Rising to 457 m (1,499.3 ft) within the wild Dartmoor landscape of South Devon is the natural geological spectacle, Haytor Rocks. Also known as Hay Tor or Hey Tor, this distinctive granite tor is easily the most famous of the numerous tors that are dotted throughout the moor. Visible on the skyline between the nearby towns of Exeter and Totnes it forms a distinctive, particularly pleasing silhouette, which is often depicted on postcards. This unusual shape is typical of an avenue granite tor, which is formed when the central section of the tor is eroded leaving two outcrops with an avenue between them. The bulk of the tor consists of coarse grain granite, but a small area at the base is made of finer grain granite, which is easily eroded. This has created an overhang of rock, leaving a rock shelter that stretches as far as two to three feet out. The Haytor Rocks and quarries around it are a Site of Special Scientific Interest and as such are protected from development.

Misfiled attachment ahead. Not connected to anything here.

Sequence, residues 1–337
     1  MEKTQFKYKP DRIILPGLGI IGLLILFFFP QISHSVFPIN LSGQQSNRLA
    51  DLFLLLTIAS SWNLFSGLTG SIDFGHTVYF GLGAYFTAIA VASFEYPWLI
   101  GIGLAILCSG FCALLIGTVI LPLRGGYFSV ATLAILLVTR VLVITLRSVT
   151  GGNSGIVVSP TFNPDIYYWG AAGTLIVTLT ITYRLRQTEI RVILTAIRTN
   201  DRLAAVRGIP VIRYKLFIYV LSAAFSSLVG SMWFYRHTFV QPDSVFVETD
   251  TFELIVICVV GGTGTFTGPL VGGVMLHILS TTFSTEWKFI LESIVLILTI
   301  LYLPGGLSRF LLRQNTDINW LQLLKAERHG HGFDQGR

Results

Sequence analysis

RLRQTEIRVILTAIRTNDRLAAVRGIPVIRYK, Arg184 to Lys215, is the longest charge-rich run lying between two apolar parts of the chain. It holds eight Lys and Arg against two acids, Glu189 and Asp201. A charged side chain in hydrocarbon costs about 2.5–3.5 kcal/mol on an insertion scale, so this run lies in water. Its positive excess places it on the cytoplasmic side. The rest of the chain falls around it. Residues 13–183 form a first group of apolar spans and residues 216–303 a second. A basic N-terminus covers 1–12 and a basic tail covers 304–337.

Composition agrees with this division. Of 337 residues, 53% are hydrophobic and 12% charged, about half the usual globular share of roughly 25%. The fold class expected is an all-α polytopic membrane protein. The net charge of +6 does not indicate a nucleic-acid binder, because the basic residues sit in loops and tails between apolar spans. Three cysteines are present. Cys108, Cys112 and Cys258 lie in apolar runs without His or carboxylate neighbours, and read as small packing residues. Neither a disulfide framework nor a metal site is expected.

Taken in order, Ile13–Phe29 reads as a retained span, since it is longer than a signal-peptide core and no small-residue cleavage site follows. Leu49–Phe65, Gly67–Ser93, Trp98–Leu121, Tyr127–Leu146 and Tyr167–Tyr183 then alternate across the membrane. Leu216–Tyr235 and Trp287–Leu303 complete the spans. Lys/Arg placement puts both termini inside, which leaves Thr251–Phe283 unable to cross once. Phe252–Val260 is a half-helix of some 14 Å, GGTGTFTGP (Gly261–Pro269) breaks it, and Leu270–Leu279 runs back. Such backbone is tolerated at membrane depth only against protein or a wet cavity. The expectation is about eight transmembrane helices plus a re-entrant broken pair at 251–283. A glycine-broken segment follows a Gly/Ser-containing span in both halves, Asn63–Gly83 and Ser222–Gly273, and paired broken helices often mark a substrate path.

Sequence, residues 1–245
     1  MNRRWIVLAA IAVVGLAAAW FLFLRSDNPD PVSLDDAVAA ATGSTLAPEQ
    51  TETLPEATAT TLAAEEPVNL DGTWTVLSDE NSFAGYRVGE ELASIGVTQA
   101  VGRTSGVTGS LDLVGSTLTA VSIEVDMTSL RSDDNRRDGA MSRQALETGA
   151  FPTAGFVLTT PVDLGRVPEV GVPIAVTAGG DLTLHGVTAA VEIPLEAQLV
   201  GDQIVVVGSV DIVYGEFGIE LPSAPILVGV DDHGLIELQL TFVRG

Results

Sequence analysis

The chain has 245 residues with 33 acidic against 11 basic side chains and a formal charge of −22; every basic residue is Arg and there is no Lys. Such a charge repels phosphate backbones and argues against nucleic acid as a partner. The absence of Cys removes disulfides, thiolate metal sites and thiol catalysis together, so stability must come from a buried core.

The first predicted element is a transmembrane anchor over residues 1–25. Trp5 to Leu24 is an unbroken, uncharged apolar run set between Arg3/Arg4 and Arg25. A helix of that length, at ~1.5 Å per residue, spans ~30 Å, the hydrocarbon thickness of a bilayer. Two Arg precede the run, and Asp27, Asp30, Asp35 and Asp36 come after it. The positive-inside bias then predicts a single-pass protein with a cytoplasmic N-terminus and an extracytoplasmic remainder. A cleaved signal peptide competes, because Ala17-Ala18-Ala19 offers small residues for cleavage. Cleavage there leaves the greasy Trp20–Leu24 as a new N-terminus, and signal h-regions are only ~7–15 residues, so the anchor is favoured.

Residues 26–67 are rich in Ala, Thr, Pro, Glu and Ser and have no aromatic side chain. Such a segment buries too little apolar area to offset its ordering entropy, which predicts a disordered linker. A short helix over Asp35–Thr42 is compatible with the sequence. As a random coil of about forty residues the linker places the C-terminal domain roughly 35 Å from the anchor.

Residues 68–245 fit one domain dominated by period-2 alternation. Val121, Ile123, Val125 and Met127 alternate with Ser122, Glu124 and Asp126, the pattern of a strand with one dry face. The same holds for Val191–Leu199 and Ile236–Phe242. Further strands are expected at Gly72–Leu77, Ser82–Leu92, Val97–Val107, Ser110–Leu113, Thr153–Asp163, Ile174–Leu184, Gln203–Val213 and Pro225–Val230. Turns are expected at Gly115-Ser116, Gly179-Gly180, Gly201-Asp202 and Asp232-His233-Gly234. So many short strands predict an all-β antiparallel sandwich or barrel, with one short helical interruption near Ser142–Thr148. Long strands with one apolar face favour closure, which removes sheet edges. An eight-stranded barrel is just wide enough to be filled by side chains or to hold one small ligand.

Popular not only for its shape, Haytor Rock’s proximity to the road has made it an accessible tourist destination. Standing next to the tor, visitors are raised above the surrounding landscape, which offers sprawling views of the rolling countryside and the coastline of the Teign Estuary.
Tourists are offered the opportunity to climb the tor on ascents of varying difficulty, allowing even the most inexperienced climber to have a go. The area is popular with walkers who often take a trek along the Templer Way, a route that follows the old Haytor Granite Tramway. The tramway, that is still visible today, was once used to transport granite from the quarries that lie on the northern slopes of Haytor Down.